Some NYCHA resident leaders in the South Bronx say they were stunned by the bombshell news last week that workers in their buildings were among the 70 employees charged in a citywide pay-to-play bribery scheme.
But others said the revelations were just confirmation of a culture of corruption they have become resigned to over long years of waiting in vain for federal funding for basic repairs.
Six of the 70 NYCHA employees worked at five Mott Haven-area developments, as superintendents and assistant supers. Like their counterparts in developments across the city, they are accused of demanding bribes from contractors in return for no-bid contracts for repair work.
According to court documents from the US Southern District of New York, the 70 workers pulled in $2 million in cash in exchange for $13 million in contracts they handed out to contractors at about 100 NYCHA developments. Sixty-six of the 70 were arraigned on Tuesday, according to the SDNY and are expected back in court in March.
Named in the indictment are Carmen Rivera, who served as assistant superintendent at Mitchel Houses; Frankie Villanueva, assistant superintendent at Mitchel Houses and superintendent at Mott Haven Houses, as well as two Bronx developments outside the area; Manuel Garcia, superintendent at Mott Haven and Mitchel Houses; Garth Small, assistant superintendent at Mitchel and Mill Brook; Charles Starks, superintendent at Mill Brook; and Jose Hernandez, superintendent at Moore and St. Mary’s Park Houses.
“I pray it’s not true,” said Princella Jamerson, resident leader at Mill Brook Houses. “It’s not good for the residents.”
In an emailed statement, NYCHA’s Citywide Council of Presidents said it “expresses profound concern and dismay over the emerging allegations.” Daniel Barber from Jackson Houses in Melrose chairs the group, which is made up of tenant leaders from public housing. “If proven true, these allegations represent yet another instance of deception and misappropriation affecting the employees and staff of NYCHA,” a reference to similar but much smaller scale pay-to-pay schemes that have led to arrests in recent years.
In a statement, a NYCHA spokesman said “NYCHA has zero tolerance for wrongful or illegal activity and will continue to work collaboratively with our law enforcement and oversight partners to rid the Authority of malfeasance. We remain steadfast in our commitment to making NYCHA stronger and improving the quality of life for public housing residents.”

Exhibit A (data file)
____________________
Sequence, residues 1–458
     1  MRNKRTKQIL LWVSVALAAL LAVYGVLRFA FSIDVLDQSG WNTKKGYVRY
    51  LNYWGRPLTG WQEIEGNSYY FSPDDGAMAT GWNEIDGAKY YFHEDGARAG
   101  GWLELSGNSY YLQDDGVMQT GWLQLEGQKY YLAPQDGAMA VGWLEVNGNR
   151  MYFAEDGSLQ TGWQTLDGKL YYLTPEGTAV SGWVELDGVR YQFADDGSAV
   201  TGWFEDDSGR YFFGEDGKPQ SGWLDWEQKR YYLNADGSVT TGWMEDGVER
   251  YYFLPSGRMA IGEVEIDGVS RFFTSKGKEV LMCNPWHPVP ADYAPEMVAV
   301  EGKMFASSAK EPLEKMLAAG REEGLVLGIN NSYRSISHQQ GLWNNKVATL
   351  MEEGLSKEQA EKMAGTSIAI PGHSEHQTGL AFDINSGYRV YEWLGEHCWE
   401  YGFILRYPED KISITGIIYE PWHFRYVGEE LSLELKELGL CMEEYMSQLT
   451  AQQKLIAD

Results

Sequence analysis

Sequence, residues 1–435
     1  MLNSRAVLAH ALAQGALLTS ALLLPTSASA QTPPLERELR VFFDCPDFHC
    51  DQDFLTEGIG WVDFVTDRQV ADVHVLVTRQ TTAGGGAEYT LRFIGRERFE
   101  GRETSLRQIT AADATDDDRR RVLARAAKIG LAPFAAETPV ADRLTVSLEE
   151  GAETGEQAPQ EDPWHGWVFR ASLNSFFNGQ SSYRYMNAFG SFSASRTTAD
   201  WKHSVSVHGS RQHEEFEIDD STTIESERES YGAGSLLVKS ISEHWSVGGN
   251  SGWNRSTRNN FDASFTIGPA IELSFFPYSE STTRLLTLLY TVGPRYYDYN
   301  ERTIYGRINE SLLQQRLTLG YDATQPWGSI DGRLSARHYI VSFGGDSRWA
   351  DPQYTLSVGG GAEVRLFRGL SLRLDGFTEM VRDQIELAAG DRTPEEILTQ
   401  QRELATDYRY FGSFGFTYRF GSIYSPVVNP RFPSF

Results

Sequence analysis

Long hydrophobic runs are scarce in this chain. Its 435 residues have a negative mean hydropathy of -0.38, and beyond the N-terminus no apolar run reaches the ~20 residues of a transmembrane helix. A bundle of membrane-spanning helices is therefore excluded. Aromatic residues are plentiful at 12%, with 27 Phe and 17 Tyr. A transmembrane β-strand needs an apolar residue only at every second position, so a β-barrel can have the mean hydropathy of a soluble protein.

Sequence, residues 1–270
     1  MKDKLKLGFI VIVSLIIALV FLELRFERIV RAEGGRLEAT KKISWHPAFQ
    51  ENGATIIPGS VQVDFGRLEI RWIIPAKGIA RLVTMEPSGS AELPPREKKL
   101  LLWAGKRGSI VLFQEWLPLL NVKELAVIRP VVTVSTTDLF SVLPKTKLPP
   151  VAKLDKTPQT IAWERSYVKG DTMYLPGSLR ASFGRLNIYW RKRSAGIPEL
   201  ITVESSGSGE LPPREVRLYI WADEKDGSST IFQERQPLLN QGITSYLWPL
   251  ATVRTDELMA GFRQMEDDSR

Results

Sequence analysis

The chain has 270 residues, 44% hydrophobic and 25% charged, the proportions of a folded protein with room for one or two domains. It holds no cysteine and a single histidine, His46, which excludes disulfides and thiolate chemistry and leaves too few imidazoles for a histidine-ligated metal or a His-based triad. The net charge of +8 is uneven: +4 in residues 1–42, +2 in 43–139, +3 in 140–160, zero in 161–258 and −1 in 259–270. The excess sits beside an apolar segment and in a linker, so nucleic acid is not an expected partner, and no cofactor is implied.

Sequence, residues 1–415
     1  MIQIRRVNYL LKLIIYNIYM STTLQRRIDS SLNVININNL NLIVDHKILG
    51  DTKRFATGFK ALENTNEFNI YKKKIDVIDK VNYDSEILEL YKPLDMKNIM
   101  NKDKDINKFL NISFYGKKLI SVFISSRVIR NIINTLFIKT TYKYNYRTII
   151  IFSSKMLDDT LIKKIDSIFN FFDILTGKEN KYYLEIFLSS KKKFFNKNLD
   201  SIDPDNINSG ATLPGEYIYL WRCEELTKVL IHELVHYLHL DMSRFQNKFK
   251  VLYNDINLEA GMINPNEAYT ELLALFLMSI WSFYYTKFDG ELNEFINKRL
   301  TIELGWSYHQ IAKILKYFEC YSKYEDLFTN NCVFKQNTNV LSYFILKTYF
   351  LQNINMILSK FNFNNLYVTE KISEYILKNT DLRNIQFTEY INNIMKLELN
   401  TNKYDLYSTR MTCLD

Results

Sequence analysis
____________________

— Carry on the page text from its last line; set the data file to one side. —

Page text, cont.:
Other resident leaders said the signs of mismanagement are everywhere in their developments. Dana Gelden, resident leader at St. Mary’s Park Houses, said the scandal strikes yet another blow to tenants’ confidence in NYCHA’s ability to manage its properties and respond to the ever-expanding list of urgently needed repairs.
“The trust factor is something resident leaders have been talking about for many years,” said Gelden, but added she was not surprised. Shoddy work is standard at St. Mary’s Park Houses and Moore Houses, she said, pointing out one example among many — the magnetic door jambs at St. Mary’s are broken, leaving the buildings easily accessible. Yet the vendor has not yet come to fix them.
“It’s all about the money, not about the comfort of the residents,” she said. “You can see the (lack of) integrity of some of the work.”
Ramona Ferreyra, a Mitchel Houses resident who leads a NYCHA advocacy group called Save Section 9, said scaffolding that was recently removed from the back of her building after six years had not been used for any kind of building work since before the pandemic. Rats and raccoons commonly scaled it, and workers occasionally came to sweep trash off the platforms.
“We always knew this was the norm,” said Ferreyra.
Tenant leaders worry the scheme foreshadows the potential for even wider corruption if NYCHA privatizes apartments under the new preservation trust, which the state legislature approved in 2022. Under that entity, funding for 25,000 of the city’s 178,000 NYCHA apartments will be shifted to federal Section 8 housing vouchers, allowing for more money to be borrowed for repairs through bond offerings, although NYCHA would remain the property manager for those apartments.
A day after the arrests were announced, Save Section 9 tenant leaders discussed those implications in a zoom meeting.
“With an entity that has a culture of corruption, we can anticipate that this preservation trust will allow NYCHA to manage units and pursue contracts without accountability,” said Ferreyra.
Following a similar bribery scheme in 2021 that led to the arrest of several superintendents, the Department of Investigation recommended NYCHA stop allowing supers to award no-bid contracts without oversight, according to new reporting by The City. But NYCHA rejected that recommendation, arguing the proposed changes would slow the pace of repairs.
South Bronx resident leaders attribute the recent takedown to the federal government’s role overseeing NYCHA, and say they want to see the authority return to a policy it abandoned years ago, of including tenant leaders in repair decisions, rather than leaving the hiring of contractors to building staff alone.
“We want public housing to work the way it’s supposed to work,” with the investment of more NYCHA building staff, said Ferreyra. “We shouldn’t have to depend on contractors.”